Degree Year

2014

Document Type

Thesis

Degree Name

Bachelor of Arts

Department

Religion

Advisor(s)

David G. Kamitsuka

Keywords

Parables, Ecotheology, Biblical interpretation, Scriptural hermeneutic, Progressive Christianity, Christian scripture, Gospel of Luke, Prophetic principle, Environmental theology, Environmental studies

Abstract

In this paper I demonstrate how adopting a scriptural hermeneutic based in Rosemary Radford Ruether’s prophetic principle can cultivate the ability of Christian communities to interpret Scripture based on their own community context. I will provide an interpretive framework for rethinking relationships between humans, nature, and the Divine that can serve as a correction for entrenched reading practices that reinforce Christianity’s complicity in environmental degradation. I use reader-response theory to conduct literary-critical readings of three well-known parables from the Gospel of Luke. The parabolic structure of orientation, disorientation, and reorientation informs my view of the parables as inherently subversive and on the side of the marginalized and oppressed in society. I propose applying this reading practice to three parables with the goal of reorienting social norms to be radically inclusive: love, neighborliness and hospitality, thereby challenging the dominant paradigms of hierarchical binaries, anthropocentrism, and utilitarianism.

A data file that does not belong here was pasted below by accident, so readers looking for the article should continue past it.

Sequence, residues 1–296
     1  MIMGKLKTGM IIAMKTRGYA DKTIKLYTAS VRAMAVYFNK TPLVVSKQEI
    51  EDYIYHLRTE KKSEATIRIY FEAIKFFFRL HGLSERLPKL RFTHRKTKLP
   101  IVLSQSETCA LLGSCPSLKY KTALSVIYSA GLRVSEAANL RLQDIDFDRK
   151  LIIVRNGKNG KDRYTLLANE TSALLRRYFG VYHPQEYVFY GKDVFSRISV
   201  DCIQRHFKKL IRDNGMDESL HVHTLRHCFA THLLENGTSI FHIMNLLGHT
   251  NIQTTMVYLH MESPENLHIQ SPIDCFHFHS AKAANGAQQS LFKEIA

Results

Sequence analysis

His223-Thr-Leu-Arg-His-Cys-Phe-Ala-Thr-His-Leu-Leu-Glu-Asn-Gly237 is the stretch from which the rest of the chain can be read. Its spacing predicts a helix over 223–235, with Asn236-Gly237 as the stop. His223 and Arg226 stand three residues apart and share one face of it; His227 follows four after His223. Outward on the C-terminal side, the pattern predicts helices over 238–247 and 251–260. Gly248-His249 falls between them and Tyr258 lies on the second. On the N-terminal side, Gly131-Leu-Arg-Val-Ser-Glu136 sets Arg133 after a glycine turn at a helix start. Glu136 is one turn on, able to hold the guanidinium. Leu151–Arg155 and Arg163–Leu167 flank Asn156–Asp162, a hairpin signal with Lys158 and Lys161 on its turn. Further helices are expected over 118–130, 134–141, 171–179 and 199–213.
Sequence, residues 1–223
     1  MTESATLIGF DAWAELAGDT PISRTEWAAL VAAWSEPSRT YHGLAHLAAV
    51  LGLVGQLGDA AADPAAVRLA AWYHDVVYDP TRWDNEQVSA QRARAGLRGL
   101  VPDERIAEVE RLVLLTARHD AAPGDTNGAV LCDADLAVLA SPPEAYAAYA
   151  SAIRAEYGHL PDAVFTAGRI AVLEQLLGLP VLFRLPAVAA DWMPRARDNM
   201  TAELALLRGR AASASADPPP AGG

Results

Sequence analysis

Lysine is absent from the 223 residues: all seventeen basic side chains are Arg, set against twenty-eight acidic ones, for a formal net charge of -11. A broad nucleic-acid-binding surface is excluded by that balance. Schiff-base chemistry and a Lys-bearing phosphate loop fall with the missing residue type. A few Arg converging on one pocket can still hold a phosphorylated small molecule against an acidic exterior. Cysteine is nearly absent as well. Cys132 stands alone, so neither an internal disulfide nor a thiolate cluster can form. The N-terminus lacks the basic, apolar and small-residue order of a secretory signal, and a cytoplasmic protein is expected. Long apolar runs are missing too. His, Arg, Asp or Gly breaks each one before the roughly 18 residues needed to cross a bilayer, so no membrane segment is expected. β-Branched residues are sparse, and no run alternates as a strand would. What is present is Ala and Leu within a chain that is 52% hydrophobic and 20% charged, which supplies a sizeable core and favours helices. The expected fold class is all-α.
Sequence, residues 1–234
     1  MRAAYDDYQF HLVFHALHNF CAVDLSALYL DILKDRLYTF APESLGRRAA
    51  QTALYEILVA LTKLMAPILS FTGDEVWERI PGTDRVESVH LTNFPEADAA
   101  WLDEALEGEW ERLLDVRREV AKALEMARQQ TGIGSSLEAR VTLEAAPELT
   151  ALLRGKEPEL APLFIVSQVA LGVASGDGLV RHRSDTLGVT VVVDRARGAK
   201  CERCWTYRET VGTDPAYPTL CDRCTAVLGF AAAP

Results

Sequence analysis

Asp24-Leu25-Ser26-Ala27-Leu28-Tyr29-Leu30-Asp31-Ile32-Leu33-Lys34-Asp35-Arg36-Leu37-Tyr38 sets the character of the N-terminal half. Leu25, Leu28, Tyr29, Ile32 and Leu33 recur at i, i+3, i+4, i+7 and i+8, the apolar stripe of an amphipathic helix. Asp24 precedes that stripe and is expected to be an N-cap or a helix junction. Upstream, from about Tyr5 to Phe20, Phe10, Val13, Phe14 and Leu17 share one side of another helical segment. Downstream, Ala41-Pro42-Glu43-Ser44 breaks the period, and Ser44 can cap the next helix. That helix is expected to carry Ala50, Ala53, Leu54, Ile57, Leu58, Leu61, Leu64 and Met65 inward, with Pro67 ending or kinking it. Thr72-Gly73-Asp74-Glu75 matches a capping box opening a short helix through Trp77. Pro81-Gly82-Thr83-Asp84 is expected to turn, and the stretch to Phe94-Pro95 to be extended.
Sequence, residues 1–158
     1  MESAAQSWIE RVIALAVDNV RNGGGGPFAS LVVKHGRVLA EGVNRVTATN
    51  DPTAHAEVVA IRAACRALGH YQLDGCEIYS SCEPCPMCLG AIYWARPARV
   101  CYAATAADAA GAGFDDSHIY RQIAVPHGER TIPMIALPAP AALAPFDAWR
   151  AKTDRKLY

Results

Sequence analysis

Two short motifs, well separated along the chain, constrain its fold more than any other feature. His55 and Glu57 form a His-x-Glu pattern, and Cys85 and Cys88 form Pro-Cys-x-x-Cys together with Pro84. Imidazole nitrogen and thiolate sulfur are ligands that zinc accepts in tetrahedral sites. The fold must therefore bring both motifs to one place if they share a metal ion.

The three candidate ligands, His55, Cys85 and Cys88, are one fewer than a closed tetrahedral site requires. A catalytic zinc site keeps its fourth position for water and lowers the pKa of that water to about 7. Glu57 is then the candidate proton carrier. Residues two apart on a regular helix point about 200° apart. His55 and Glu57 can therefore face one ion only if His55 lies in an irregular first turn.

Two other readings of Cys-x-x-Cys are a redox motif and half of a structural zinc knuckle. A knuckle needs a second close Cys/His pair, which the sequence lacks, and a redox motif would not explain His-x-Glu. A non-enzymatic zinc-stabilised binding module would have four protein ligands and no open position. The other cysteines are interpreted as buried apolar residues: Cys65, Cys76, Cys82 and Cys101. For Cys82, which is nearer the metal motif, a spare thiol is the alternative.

Included in

Religion Commons

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